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ERISA Tips: Basic Due Diligence for ERISA 403(b) Plans

By John Iekel • March 05, 2018 • 0 Comments
Editor’s Note: ERISA Tips is a feature provided with you in mind — to make the newsletter more useful to you! If you have any content for ERISA Tips or the 403(b) Advisor that you would like to contribute or suggest, please contact John Iekel, editor of the 403(b) Advisor, at

This tip is taken from Diane Capone’s article “Basic Due Diligence Process for ERISA 403(b) Plans,” which originally ran on April 15, 2015.

Advisors working in the ERISA 403(b) marketplace are often asked to provide guidance and consulting services to plan sponsors to help them meet their fiduciary duties under ERISA. This enables advisors to add to their value with plan sponsors who so often know very little about the ERISA 403(b) plan that they have in place for their employees, and is true in particular for small non-profit 501(c)(3) organizations.

Section 403(b) plans of governmental employers, church-sponsored retirement plans and certain plans of 501(c)(3) organizations that have only elective deferral contributions and limited employer involvement are examples of retirement plans that are exempt from ERISA. Nonetheless, it is important for these plans to review, with their legal counsel, any fiduciary responsibilities they may have under state law. There can be benefit from having knowledge regarding ERISA and utilizing some of the provisions that would be beneficial to their plan.

Basic Areas for Review

Some basic areas it may be prudent to review in order to keep their retirement plan in compliance include:

  • Maintain an IRS-approved plan document and update as necessary for legislative changes.

  • Maintain an updated summary plan description which is provided to plan participants and includes information on the plan’s eligibility, contributions, distributions and other important aspects of the plan.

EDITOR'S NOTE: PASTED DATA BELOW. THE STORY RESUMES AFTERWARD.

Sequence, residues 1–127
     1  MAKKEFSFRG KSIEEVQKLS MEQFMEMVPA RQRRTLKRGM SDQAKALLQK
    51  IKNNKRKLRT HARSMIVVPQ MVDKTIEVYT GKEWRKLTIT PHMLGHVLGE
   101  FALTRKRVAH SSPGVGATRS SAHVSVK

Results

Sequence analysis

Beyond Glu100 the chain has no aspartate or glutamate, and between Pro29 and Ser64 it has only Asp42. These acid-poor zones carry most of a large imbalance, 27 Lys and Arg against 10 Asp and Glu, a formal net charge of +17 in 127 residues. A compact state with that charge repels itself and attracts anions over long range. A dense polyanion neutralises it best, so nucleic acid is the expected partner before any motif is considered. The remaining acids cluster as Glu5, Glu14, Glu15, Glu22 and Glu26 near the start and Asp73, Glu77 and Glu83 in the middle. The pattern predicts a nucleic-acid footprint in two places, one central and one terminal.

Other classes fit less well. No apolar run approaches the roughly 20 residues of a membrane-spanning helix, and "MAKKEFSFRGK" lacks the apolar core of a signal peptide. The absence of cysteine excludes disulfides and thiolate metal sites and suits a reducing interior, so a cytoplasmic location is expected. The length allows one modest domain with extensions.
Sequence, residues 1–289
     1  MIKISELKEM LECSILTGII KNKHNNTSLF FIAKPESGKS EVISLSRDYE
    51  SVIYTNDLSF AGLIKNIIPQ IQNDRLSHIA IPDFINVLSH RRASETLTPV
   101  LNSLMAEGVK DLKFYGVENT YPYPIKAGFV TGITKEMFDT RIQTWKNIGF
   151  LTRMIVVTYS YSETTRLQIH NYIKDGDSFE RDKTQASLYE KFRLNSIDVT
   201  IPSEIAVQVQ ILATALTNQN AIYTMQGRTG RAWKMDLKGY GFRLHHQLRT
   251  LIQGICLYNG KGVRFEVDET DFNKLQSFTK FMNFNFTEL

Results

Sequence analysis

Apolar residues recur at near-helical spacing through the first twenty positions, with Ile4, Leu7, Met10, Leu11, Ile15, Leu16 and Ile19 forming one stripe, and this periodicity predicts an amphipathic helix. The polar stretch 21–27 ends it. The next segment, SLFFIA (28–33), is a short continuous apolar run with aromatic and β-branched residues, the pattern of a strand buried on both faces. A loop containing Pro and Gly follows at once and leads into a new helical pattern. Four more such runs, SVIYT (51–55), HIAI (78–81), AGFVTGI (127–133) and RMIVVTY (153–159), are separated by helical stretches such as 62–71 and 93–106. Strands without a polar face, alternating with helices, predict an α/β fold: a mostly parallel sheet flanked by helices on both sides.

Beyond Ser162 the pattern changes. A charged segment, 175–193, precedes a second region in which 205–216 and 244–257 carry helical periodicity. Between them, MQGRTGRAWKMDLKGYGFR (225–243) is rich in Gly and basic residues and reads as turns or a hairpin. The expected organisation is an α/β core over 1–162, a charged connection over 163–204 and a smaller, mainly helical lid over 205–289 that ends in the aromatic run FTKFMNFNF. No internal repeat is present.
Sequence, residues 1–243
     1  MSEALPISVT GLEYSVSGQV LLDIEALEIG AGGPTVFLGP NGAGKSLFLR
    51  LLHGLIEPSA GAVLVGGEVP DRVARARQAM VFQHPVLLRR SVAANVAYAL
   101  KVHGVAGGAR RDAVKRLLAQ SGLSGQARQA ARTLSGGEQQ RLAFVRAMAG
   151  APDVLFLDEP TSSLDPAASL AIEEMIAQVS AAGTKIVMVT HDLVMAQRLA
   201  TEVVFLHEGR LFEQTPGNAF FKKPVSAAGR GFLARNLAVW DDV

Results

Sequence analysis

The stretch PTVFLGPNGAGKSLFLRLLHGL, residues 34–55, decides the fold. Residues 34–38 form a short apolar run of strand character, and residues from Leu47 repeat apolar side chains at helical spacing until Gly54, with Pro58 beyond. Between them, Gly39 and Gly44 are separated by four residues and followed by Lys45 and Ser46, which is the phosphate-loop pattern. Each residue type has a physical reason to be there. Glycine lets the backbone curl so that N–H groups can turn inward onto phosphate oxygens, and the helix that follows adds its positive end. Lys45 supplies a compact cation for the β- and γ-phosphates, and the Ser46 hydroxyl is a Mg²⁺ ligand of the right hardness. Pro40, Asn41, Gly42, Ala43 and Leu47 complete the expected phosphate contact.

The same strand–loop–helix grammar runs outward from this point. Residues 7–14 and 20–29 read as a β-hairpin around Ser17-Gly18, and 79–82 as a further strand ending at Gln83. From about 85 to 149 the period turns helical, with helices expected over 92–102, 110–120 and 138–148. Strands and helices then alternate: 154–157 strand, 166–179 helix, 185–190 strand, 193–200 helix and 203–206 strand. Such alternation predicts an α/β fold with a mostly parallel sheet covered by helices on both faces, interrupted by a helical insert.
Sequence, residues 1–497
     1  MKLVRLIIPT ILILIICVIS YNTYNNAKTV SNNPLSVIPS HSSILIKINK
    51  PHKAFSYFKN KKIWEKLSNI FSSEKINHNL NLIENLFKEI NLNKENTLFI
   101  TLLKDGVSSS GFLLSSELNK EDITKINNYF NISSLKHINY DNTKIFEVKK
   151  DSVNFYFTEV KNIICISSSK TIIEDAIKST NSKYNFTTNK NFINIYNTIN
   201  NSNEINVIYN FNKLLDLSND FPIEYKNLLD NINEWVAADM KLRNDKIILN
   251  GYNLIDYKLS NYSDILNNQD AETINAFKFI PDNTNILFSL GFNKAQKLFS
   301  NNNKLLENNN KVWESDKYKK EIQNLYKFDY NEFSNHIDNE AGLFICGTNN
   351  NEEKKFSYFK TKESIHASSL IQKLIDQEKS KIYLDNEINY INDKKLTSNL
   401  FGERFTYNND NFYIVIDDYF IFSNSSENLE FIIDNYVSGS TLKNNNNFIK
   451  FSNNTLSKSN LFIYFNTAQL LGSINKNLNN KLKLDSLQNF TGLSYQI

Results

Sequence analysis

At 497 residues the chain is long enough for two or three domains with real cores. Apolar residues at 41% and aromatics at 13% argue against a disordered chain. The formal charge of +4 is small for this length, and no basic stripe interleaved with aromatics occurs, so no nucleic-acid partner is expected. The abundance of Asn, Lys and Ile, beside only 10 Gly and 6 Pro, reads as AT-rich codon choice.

• Review the plan provisions and verify that they are being handled properly in operation.

  • Ensure that the plan complies with the testing under the various Internal Revenue Code provisions.

  • Provide educational meetings for plan participants to discuss the plan, investment options and retirement readiness.

  • Provide plan participants with information as required by the DOL regarding plan investment options, investment returns, operating expense of the investments, fees that are charged to the participant and how the participant can get further information.

  • Maintain the proper ERISA fidelity bond (which is a mandatory requirement), and consider fiduciary liability insurance.

  • mplement a written investment policy for the plan and review it annually.

  • Maintain broad, well-diversified investment options with different risk/return potential that are reviewed at least annually with the plan investment committee to confirm that they still meet the investment policy statement guidelines.

  • Review the service provider fees associated with the plan and the plan’s investment options to confirm that they are reasonable for the services provided.


The plan fiduciary should work closely with their ERISA counsel and their plan service providers to verify that all of the various IRS and DOL requirements are being met. ERISA’s prudence standard for plan fiduciaries is not just that of a “prudent layperson,” but rather that of a prudent expert in retirement plan matters.

This can be accomplished through:

  • good plan procedures;

  • documentation of the administration and reporting requirements;

  • selection and monitoring of all service providers and selection; and

  • monitoring of investments in the plan.

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